In a recent op-ed for the Wall Street Journal, Rick Santorum proposed his "pro-growth and pro-family Economic Freedom Agenda."
"To help families, I'll triple the personal deduction for children and eliminate the marriage tax penalty," wrote Santorum.
But do changes in tax policy really lead to more births?
Kevin Drum, a politics blogger at Mother Jones, doesn't think so.
"If you want to reward people for having children just because you think it's the right thing to do, that's fine. But if you're actually trying to affect the number of kids we have, the evidence suggests it simply doesn't make any difference," said Drum.
Drum cited a 2010 National Bureau of Economic Research paper, in which the authors said they did not find evidence that child tax benefits affect the level of fertility.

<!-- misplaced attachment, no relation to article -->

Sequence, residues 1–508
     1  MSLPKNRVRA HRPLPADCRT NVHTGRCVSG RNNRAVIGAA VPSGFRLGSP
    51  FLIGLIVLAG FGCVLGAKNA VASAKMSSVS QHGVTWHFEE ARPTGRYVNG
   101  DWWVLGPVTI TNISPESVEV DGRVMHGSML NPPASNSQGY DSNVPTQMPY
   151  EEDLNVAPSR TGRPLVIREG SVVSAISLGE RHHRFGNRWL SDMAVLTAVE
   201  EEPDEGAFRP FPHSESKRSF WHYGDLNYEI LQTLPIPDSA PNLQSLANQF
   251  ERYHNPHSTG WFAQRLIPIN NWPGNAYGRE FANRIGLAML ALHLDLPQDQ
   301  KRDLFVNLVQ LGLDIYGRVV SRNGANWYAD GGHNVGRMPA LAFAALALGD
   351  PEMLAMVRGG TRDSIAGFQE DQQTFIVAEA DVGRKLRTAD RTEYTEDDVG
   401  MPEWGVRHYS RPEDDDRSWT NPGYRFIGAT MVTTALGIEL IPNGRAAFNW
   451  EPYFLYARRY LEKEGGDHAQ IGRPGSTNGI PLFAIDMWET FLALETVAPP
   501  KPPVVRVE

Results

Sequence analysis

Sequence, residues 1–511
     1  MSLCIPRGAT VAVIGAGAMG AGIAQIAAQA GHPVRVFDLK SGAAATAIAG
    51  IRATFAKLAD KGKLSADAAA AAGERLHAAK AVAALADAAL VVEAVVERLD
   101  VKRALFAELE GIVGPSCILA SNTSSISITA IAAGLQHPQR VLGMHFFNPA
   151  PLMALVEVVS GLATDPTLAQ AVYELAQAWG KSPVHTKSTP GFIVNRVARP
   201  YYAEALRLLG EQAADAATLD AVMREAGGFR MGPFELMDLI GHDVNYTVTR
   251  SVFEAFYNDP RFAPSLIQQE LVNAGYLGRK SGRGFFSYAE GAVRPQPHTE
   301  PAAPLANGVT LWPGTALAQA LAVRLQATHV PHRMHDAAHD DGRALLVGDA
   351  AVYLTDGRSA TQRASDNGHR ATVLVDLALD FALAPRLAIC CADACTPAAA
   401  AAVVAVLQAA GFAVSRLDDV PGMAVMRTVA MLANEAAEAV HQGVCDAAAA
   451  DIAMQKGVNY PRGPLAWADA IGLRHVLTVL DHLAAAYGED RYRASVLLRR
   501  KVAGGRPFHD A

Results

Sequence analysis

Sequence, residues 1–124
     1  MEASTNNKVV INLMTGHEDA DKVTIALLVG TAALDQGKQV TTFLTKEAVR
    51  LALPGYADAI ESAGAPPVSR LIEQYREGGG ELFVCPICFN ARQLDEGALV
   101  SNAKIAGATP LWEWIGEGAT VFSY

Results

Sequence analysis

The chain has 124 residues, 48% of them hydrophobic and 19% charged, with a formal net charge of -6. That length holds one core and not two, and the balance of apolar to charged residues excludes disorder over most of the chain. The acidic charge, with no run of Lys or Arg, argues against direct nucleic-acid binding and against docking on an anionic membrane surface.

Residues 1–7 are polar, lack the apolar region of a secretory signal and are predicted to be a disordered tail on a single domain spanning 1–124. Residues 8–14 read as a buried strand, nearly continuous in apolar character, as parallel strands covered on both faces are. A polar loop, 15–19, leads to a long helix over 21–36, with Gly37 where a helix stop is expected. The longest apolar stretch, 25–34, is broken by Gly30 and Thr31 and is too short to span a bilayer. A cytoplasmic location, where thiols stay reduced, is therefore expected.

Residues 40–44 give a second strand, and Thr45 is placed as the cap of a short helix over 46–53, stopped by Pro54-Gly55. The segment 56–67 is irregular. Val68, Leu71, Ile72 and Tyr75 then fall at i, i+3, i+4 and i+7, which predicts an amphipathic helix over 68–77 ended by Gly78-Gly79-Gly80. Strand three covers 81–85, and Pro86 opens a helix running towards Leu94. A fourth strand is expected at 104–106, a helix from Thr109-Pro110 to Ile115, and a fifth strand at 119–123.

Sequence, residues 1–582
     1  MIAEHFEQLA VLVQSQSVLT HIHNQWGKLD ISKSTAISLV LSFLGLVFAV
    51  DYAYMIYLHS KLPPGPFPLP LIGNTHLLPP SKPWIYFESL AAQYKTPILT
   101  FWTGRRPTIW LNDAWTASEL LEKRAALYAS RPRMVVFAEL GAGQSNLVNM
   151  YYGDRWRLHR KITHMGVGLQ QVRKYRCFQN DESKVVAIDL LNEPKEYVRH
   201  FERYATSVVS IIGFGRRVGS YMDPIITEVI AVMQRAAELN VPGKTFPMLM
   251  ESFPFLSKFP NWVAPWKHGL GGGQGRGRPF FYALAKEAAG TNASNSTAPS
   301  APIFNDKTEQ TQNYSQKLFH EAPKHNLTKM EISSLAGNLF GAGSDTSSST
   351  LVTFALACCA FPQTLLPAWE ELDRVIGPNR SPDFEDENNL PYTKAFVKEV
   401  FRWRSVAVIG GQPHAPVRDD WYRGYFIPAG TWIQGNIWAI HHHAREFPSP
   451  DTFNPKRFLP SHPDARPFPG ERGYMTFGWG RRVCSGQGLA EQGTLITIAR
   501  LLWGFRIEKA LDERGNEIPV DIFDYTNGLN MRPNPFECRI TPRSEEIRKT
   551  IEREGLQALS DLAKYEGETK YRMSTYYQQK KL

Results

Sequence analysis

The report noted the average value of child tax subsidies have skyrocketed, from under $850 in 1980 to more than $2,000 in 2005. Yet the general fertility rate is the same as it was in 1980. The stastics were made clear in a graph.
"This is just a chart showing that we've had sweeping waves of social and economic trends over the decades that totally swamp tweaks in the tax code," said Matthew Yglesias, a writer for Slate.
Because children are financially costly, of course a subsidy will make a difference to parents on the margin, Yglesias argued.
"But sometimes common sense is wrong, and sometime incentive effects, no matter how theoretically compelling, are small enough that they don't really matter in the real world," Drum countered.